Playing with Fire: Whisky Boy
Chef Q&A with Geoffroy Marcq, Head Chef/Owner of Whisky Boy Noosa
Why did you become a chef?
For me, it was meant to be, it was always my path. I come from a big family and food was one of the key ways we came together; to share stories, bring new people into the family, it was valuable family time.
Who is your culinary inspiration?
I was in the kitchen before I was 15 and my first restaurant job was at Alexandre Restaurant with Michel Kayser who became my spiritual advisor in a way. He was one of the greatest chefs I have met.
Michel not only showed me classical and traditional ways to cook but how to be a nice person; how to grow up as a kind man to respect people, to respect produce and as a chef to always put yourself in the customer’s shoes.
When we came to Noosa, I met Tim Montgomery at berardo’s and he opened my eyes and my mind and taught me how to use the traditional French techniques in a modern way, to think outside the square. He was a Beast of Nature – very similar to Chef Kayser, my first mentor – sharing all his knowledge, caring about the product and being very nice as a person. I was always questioning, always learning. I have been and still am surrounded by very talented people. It’s up to me to take the best of everyone and also to inspire others.
What brought you to Noosa?
I was born in Northern France but came to Australia with my girlfriend at the time, who is now my wife. We planned to come for one year before we settled down in France. Fifteen years later we are still here with two businesses (Whisky Boy and Bean Theory) and two kids.
What has been the most rewarding moment of your career?
Daily feedback from customers. It’s always important to be honest with your food and put the customer first.
What do you love about being a chef?
Sharing and creativity. I love when the service is on – it is so busy, so hot and there are so many things to think about. You forget who you are. You come in as one person and you become someone else. Anything else that happens outside service disappears – any problems, worries – it all goes to the side. During these few hours you lose yourself. It is intense but it is something you look forward to. It is very relaxing in a way. When you finish service, you need time to come back into yourself.
What is your approach to food?
If I had to choose three words I would say honest; generous and rich. My inspiration comes from an idea, a combination of a product, a memory.
Who would you love to cook for?
For me it is more about the people that I want to cook with – my young nephews and nieces and my goddaughter back in France. We’ve never really met as I’ve been in Australia but cooking is one of those things you can share – there’s flour, cookie dough, it’s very manual and involves the senses – touch, sight, smell.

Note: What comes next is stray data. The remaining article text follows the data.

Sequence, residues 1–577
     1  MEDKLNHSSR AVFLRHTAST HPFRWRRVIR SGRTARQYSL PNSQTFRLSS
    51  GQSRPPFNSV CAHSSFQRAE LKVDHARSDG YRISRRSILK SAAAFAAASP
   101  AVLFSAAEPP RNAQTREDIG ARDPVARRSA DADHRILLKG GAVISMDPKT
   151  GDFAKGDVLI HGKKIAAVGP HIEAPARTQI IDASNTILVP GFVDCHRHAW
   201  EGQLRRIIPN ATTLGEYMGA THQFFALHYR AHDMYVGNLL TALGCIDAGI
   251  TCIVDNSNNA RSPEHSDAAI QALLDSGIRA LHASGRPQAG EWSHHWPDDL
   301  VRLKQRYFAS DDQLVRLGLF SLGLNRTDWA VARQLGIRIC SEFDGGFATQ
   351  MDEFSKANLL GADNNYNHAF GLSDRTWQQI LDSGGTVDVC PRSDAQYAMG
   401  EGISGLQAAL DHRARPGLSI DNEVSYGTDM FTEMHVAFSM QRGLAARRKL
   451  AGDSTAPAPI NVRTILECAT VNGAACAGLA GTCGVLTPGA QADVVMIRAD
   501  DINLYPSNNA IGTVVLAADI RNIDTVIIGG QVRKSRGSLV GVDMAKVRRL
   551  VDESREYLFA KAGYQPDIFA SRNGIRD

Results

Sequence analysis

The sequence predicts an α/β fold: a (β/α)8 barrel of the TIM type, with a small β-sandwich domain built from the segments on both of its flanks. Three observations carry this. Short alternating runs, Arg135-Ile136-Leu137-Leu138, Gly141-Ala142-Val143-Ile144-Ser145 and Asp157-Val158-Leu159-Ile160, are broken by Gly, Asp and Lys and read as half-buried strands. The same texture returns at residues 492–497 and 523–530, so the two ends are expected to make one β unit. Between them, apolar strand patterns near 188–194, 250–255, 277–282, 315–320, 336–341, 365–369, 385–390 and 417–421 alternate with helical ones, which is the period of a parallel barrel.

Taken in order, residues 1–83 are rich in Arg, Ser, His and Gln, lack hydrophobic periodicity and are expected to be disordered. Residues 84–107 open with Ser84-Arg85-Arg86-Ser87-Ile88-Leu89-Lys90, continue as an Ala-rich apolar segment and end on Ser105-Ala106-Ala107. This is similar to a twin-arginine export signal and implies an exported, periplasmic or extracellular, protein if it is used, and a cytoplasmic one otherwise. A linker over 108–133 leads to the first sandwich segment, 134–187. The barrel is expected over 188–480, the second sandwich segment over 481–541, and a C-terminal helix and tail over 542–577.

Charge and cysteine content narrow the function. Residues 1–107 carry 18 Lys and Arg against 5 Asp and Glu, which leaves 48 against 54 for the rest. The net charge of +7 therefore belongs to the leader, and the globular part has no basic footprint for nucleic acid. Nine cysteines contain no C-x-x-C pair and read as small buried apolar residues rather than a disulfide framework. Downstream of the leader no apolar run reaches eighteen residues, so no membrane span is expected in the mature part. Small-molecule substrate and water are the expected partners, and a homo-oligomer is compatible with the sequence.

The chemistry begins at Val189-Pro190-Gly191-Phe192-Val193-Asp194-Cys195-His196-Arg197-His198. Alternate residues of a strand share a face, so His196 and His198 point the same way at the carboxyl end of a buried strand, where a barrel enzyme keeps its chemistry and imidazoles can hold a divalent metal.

My nephew saw some photos of dishes I have cooked and wanted the recipe to recreate it at home so we worked on that together with Facetime. I loved that.
Do you cook at home?
Not really because I am so busy at the restaurant and I don’t really have the time however when I do, I use every single pan, pot and tray so I drive my wife crazy because she washes the dishes. But I’m usually doing seven or 10 different dishes, so we can portion it and freeze it for later. One of the best things for a chef after a long, hard, crazy day at work is to come home and get a big bowl of pasta, lovingly-prepared by your busy wife “thank you darling, merci cherie” – but please add more salt next time!
What is your favourite dish?
Something that brings me back to my childhood and family: Paella that my grandmother would cook for special occasions; fish soup with my dad after the markets; or the secret sauce from my mum that is still a secret now!
Any advice for young chefs?
“Toughen up Princess!” Cooking and hospitality is hard and you make a lot of sacrifices but there is a lot of good in it.
When you start it is so exciting – the heat, the smells, the pressure. You don’t see the challenges and before you know it you are doing late nights, early mornings and there’s the physical challenges.
I would do it again though. There’s no point in complaining.
Favourite kitchen utensil / tool?
Fire! and my palette knife that I always wear on my apron. I got it the first day I started working to look like my master. My son sees it as a sword – and me as a Ninja. I like that idea.
Fire for me is very natural and primitive. Not only for cooking but roasting, smoking, caramelising – it’s so versatile. It’s not about burning stuff, it’s about flavours and textures.
I know you want me to say “cream and butter”!
To be honest though, I’d have to say potatoes. There are hundreds of varieties and so many different ways to cook them so they offer a lot of options. What can I say, I’m a simple guy!
Give me a steak and potatoes and I’m happy! Don’t forget a good whisky and fresh beer.